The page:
Note: I think I was supposed to do this as a blog tour last week, but I have lost all my record of it. So, I am going to go ahead and do it now. Perhaps BethanyHouse Publishers will never again send me a book. Perhaps they will. Either way, easy come, easy go.
Understanding Theology in 15 Minutes a Day is one of three (currently) books in the "Understanding Fill-in-the-Blank in 15 Minutes a Day” series from BethanyHouse Publishers. The first one I have not read, the second one, Understanding World Religions in 15 Minutes a Day, is reviewed here.
Note this before continuing: BethanyHouse Publishers sent me a copy of this book so that I would review it. That is the only connection between myself and the company, and the only influence is the insistence that I actually do the review.
The essence of this book is realizing that theology, like any other truly complex subject, is going to take more than 15 minutes a day to really dig into. However, you have to start somewhere. And having read Wayne Grudem’s Systematic Theology and a few other of the “basic-intro level” theology texts out there, I would agree that a lighter load of introductory material is helpful.
So this is, by necessity, a slightly shallower introductory text. If you come to it with that pre-conception, you’ll be in good shape. If you come expecting a fully exhaustive treatment, you will be disappointed. Considering that most theology books are either 3 inches (or more!) thick or are multi-volume, that should not be surprising.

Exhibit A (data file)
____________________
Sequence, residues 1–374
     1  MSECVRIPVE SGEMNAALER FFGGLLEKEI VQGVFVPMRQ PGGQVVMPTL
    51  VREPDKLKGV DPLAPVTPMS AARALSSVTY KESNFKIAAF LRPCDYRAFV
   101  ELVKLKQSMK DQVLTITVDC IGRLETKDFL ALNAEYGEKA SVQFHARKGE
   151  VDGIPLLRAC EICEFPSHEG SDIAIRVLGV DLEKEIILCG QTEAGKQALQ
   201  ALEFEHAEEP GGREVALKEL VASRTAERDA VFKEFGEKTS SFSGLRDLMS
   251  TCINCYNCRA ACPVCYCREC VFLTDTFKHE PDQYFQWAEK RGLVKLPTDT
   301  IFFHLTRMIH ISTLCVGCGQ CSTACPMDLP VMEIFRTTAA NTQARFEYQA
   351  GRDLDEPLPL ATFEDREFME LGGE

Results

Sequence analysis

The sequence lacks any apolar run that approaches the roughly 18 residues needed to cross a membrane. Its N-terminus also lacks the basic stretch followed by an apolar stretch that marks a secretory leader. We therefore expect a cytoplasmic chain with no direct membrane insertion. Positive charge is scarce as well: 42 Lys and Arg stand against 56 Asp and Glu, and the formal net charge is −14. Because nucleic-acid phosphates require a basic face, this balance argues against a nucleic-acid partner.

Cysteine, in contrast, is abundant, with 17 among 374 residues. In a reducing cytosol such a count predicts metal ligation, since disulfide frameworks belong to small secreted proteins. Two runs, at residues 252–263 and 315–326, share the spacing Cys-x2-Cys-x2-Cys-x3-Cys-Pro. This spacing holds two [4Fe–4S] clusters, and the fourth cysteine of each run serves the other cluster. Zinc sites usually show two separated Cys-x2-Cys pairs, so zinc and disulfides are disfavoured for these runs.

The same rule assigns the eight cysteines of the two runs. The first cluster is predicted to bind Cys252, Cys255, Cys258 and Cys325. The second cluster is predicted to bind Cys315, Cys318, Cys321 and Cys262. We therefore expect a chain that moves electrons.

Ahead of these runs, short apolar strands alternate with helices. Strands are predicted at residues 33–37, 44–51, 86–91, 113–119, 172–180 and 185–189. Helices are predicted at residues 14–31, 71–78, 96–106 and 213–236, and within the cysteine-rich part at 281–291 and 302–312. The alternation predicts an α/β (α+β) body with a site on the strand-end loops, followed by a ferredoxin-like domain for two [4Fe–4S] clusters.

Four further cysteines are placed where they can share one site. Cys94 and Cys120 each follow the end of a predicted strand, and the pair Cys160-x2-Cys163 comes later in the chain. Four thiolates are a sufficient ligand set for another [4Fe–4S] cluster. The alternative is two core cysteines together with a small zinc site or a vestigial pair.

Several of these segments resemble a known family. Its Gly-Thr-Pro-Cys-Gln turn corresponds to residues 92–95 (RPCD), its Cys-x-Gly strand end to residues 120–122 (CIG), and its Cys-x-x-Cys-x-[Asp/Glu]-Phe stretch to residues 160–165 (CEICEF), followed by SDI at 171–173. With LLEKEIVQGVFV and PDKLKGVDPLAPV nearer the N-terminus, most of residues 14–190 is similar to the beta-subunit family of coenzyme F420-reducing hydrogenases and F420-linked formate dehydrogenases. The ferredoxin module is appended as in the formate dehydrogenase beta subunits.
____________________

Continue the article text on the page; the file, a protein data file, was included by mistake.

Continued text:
Now, moving into the content that is present:
First, this book presents a basic systematic theology. The material is organized around addressing an orderly set of topics. This begins with a statement of what theology is and then proceeds to how one can know anything about theology. From there, the progression is into an understanding of each person of the Holy Trinity, an examination of angels, eternity, the nature of humanity, salvation, and the church. This is all in a fairly normal order.
Second, this book presents a strongly conservative theology. There is no sense in beating around the bush: Daryl Aaron firmly holds that the Bible is the inerrant Word of God. That is his foundation for this text and for his theology, so if you have a differing view of the Bible and his chapter on why the Bible is inerrant does not persuade you, you will have difficulties with the further parts of the text.
Third, this book attempts to present a balanced theology. In examining the chapters on the ordinances of Baptism and the Lord’s Supper, Aaron has presented the multiple points of view on each. Baptism includes both the Paedobaptist and Credobaptist views and does not endorse one over the other. The end result of this is mixed: both views are presented concisely and so neither is deeply explained. This is because Aaron is targeting the broadest possible audience in conservative Christianity, and so the book gives equal offense to Presbyterians, Lutherans, and Baptists.
At the low cover price this book has, it looks like a good pick-up for the Christian who wants to approach how they do theology from an organized standpoint. It’s fairly often that we want to say that “we believe what the Bible says” but we don’t take the time to go through and grasp what the full testimony of Scripture about a subject may be. This book will help with that.
I would gladly recommend it.
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